Getting to Know You (and Your Investors): Regulation D Disclosures and Investor Limitations

Posted by Margaret Hibbs on Monday, June 19, 2017

Many startups and small businesses get to a point where they determine the best way to raise capital is to bring in an outside investor through a securities offering.  Depending on the amount of disclosures you are willing to make to your potential investors and the amount of money you need to raise, both federal and state laws and regulations dictate who can—and who cannot—invest in your company.

Regulation D under the Securities Act of 1933 (the “Securities Act”) provides a number of “safe harbors” from federal securities registration for limited offerings that small businesses often rely upon.  Generally, the issuer must provide enough information to potential investors to not violate the antifraud prohibitions of the Securities Act.  But each Regulation D exemption has varying requirements both for additional information that the issuer must disclose as well as limits on the number and type of investors that can participate in the offering.

  • Rule 504: Rule 504 allows for an offering of securities of up to $5,000,000 during a 12 month period.  There is no limit on the number of investors or the type of investors in a Rule 504 offering.  And unlike Rule 505 and Rule 506(b), discussed below, Rule 504 does not place additional disclosure requirements on the issuer. 
  • Rule 505:  Rule 505 also allows for an offering of up to $5,000,000 during a 12 month period.  Rule 505 offerings are limited to a total of 35 investors.  Rule 505 further requires issuers to make additional financial and non-financial disclosures to investors, which come short of those in a registered offering but can still be burdensome on the issuer to compile.  Drafting this disclosure document can take a significant amount of time and work between your company and your securities attorneys.
  • Rule 506(b):  Rule 506(b) places no limit on the dollar amount of an offering.  The offering is limited to a total of 35 investors, all of whom must either (1) be an “accredited investor” as defined in Regulation D (which, for an individual, means they have an individual net worth exceeding $1,000,000 or individual income in excess of $200,000 in each of the two most recent tax years) or (2) have such knowledge and experience in financial and business matters, either alone or with a purchaser representative, that the investor is capable of evaluating the merits and risks of the prospective investment.  Rule 506(b) also demands the same disclosure requirements as Rule 505.
  • Rule 506(c):  Rule 506(c) again places no limit on the offering’s dollar amount, but all purchasers in the offering must be accredited investors.  Rule 506(c) offerings do not need to comply with the disclosure requirements of Rule 505 and Rule 506(b).  And unlike the other Regulation D exemptions, Rule 506(c) offerings are not limited by Regulation D’s prohibition against general solicitation and advertising.  But there is one catch to Rule 506(c): the issuer must verify the accredited investor status of each purchaser.  This requires reviewing either the investor’s tax returns for the two most recent years or such financial information as to determine the investor’s net worth.  In the alternative, the investor can provide a written confirmation from his or her CPA or attorney that they have taken reasonable steps to verify the investor’s accredited investor status.  Either way, the verification process places burdens on both your investors to document their personal financial information and you.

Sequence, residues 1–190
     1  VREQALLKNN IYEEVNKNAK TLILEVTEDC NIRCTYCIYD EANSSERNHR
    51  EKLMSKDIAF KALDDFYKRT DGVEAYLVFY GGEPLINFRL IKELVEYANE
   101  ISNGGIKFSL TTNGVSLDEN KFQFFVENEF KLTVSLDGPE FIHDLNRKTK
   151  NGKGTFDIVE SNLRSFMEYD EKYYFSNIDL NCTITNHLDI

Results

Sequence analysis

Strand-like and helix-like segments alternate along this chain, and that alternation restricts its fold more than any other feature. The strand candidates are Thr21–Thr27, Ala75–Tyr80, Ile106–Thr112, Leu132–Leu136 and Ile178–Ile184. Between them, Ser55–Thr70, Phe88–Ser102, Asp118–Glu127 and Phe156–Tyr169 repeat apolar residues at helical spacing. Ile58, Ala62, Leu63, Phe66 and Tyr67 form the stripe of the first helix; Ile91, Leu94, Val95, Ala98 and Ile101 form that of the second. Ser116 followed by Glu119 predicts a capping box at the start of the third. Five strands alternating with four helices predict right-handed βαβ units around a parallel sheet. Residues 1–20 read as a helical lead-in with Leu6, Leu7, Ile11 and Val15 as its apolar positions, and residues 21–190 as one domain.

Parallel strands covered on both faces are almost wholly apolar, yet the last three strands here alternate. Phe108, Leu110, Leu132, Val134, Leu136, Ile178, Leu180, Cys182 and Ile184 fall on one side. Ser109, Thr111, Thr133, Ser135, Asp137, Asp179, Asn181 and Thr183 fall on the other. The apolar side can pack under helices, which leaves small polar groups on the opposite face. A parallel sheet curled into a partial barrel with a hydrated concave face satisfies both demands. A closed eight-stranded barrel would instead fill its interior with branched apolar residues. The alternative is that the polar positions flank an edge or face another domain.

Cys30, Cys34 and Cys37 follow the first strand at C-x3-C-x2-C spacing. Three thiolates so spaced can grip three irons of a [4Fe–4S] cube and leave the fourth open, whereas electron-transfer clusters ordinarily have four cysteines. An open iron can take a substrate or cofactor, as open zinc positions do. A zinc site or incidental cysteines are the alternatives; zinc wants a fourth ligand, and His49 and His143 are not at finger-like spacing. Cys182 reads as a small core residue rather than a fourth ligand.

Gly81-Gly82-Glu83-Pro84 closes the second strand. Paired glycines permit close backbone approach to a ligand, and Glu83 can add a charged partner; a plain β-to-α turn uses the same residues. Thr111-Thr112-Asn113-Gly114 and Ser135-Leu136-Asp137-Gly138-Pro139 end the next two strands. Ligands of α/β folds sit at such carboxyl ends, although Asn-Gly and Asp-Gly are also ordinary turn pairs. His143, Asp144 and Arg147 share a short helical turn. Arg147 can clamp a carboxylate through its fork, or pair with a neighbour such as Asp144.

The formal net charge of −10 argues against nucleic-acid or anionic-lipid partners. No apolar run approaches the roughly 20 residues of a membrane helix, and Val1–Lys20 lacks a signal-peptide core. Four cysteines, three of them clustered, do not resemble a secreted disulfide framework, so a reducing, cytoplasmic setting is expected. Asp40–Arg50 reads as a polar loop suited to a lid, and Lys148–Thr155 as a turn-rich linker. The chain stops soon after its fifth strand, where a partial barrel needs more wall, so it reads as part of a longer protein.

In addition, securities offerings are also subject to state registration requirements.  Most states, including Iowa, provide for an exemption from registration for offerings conducted under Rule 505 or Rule 506.  However, Iowa does not provide a similar exemption for Rule 504 offerings, which must instead find an independent exemption from state registration.  Many Rule 504 offerings in Iowa can only take advantage of two exemptions: the “accredited investor exemption,” which exempts purchases in offerings by accredited investors, and the “limited offering exemption,” which limits the offering to 35 non-accredited investors.  But if your Rule 504 offering requires more than 35 non-accredited investors, your offering will need to register with the state.  Iowa offers a Small Company Offering Registration that is available to some Rule 504 offerings, the form of which is vastly more comprehensive than the disclosure requirements of Rule 505 and Rule 506(b)—and must be provided to each potential investor in the offering, essentially negating the very low disclosure requirements of Rule 504. 

While investor and disclosure requirements can significantly impact which Regulation D exemption you choose to conduct your offering under, there are a number of additional factors, requirements, and limitations that should be considered before starting a securities offering.  If you have any questions regarding a securities offering for your company, please contact Maggie Hibbs or any other BrownWinick attorney in the Corporate Finance and Securities Law Practice Group.